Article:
The University of Liverpool team aiming to build the world’s fastest human powered vehicle will put 30 applicants through rigorous testing today as they seek their “engine”.
The student-led team appealed for fit and committed volunteers to step forward to take the pedal powered machine to speeds above 83mph, as they go for the world record in September next year.
Patrick Harper is Lead Ergonomics Engineer and Commercial Manager of the University’s Velocipede Team (ULV), he said: “We’re looking for our engine, someone who can power our machine. Ideally it would be someone with a small body and powerful legs, but finding someone like that is very difficult.
“We’ll be taking measurements of them all, making sure of their height and the width of their hips and their shoulders because we will be tailoring the bike around them.”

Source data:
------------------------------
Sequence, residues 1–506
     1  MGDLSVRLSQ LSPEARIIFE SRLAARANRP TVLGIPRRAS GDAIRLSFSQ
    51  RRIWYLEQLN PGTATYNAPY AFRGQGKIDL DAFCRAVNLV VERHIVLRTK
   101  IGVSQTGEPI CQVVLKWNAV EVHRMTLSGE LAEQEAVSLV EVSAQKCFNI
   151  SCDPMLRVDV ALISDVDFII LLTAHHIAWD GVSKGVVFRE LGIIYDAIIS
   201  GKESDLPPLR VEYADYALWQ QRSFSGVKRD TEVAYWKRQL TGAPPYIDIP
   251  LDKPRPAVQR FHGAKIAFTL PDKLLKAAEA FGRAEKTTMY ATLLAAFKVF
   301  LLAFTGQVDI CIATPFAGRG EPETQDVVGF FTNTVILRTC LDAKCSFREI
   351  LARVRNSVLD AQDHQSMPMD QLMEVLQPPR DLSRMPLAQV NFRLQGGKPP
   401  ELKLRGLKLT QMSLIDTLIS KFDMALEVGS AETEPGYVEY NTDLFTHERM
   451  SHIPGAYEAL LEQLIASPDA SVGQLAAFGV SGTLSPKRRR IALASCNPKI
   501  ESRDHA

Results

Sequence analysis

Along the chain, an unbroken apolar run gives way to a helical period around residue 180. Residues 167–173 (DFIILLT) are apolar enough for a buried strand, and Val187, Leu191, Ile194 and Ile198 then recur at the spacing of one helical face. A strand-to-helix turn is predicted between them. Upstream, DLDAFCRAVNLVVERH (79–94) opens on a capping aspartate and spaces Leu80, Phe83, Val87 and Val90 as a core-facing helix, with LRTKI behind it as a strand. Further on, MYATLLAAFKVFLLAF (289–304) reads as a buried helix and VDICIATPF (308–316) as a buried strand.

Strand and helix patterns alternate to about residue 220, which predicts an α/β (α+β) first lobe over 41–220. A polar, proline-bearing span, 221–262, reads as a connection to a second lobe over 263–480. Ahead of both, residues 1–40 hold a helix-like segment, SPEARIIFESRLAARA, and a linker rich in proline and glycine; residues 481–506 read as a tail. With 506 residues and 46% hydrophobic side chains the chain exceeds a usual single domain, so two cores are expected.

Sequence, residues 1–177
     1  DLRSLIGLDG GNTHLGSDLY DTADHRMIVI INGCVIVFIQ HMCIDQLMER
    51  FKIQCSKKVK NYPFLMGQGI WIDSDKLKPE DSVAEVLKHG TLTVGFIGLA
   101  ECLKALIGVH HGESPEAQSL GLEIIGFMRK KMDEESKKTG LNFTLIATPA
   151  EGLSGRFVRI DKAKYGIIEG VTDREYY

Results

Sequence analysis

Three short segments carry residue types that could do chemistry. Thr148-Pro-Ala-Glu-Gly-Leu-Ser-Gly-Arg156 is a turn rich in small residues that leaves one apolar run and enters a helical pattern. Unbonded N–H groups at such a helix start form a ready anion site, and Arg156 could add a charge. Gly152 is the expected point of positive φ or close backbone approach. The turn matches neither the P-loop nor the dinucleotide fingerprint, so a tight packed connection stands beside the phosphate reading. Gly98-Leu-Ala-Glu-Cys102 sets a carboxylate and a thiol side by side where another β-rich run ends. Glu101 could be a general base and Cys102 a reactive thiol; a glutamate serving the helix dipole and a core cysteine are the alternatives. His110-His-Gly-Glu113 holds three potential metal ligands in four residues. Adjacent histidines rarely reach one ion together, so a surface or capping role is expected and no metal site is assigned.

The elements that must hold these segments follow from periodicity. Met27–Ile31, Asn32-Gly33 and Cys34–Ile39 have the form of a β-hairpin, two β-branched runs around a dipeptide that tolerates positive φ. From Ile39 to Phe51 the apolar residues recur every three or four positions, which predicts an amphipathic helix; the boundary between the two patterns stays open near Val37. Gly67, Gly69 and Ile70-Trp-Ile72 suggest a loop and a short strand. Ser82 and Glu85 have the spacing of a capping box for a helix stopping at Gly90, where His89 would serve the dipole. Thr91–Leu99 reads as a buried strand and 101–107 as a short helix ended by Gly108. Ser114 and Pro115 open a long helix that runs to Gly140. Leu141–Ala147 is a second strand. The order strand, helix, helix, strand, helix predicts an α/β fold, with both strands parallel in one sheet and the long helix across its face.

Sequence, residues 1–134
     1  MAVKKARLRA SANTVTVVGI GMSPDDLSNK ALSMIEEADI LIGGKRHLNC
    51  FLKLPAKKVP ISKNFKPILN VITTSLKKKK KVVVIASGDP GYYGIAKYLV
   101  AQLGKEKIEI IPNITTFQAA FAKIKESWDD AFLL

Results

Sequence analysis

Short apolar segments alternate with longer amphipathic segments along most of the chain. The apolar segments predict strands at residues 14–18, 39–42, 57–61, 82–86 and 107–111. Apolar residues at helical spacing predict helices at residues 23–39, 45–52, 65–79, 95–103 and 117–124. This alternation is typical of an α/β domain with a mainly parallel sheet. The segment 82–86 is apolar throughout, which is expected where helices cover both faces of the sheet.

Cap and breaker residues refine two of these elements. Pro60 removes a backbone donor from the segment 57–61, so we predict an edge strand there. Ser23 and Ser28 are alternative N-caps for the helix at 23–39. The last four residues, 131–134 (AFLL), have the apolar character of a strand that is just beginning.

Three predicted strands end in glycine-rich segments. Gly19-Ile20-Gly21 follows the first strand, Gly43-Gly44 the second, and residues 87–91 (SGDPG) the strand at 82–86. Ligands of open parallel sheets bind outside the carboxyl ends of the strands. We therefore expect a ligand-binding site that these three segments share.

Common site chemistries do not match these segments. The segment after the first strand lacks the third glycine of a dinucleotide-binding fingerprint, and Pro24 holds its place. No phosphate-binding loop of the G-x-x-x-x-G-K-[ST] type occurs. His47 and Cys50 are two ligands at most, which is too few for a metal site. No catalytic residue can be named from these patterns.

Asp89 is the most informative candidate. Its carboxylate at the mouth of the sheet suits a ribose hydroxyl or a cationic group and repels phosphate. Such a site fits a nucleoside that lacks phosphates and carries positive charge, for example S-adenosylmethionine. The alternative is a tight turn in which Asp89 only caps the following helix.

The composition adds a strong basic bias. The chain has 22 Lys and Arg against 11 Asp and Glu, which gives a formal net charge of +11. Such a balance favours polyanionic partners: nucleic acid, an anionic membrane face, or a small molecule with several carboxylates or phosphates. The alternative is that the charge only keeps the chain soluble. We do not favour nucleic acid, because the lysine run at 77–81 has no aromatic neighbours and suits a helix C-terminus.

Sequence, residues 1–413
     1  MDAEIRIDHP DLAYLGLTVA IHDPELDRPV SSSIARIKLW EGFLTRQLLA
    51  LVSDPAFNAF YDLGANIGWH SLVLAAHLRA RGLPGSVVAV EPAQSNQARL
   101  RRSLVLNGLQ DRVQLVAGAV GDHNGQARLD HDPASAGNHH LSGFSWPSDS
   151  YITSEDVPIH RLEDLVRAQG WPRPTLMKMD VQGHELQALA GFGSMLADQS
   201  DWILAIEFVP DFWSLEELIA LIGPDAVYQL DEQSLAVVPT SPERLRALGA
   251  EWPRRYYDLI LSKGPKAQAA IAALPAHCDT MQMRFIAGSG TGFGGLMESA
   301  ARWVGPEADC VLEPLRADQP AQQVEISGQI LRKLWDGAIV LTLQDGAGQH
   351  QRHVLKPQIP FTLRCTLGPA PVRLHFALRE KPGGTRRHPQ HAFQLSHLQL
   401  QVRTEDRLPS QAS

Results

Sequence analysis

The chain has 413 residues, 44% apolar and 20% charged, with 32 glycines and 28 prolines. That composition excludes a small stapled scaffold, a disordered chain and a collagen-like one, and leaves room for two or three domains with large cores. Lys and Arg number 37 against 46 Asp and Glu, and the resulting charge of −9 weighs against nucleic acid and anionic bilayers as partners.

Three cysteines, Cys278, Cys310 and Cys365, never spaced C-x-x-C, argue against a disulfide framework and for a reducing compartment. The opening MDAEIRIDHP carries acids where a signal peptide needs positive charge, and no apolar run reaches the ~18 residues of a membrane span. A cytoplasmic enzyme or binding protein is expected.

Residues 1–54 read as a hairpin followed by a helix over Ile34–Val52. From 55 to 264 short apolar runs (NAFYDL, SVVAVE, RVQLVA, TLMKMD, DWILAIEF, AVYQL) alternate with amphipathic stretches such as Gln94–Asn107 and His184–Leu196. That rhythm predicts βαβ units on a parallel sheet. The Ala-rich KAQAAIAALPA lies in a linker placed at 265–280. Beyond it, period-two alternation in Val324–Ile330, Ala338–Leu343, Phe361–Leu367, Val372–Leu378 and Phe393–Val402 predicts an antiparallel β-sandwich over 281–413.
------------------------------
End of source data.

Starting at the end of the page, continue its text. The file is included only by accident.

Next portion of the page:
Applicants range from teenagers to those in their 40s, and all will face the same rigorous testing on an ergometer, or specialist exercise bike.
First up is a Peak Power test, followed by a Wingate test and finally the feared Ramp test, which lasts 15 to 20 minutes and sees resistance increased across that time, ahead of a pure power and stamina sprint.
The performance of all the applicants will be assessed by ULV alongside experienced sports scientists from both Liverpool John Moores and Liverpool Hope Universities.
A decision will then be made on either one or two riders, who will then take the bike – known as ARION1 – to the World Human Power Speed Challenge (WHPSC) in Battle Mountain, Nevada in September 2015.
The current male land speed record is 83.13mph and current female land speed record is 75.69mph. ULV is hoping to smash these records by 7% using ARION 1.
The machine is 35 times more aerodynamic than a regular pedal cycle and boasts a 1:17 gear ratio, aiming to generate 800 to 850 watts of power from a female or male rider respectively.
Patrick added: “It’s brilliant, we all love it. A couple of us worked flat out through the summer just to keep the project going because we are so passionate about it.
“We knew we would have to do that work to make sure we get there in September.”
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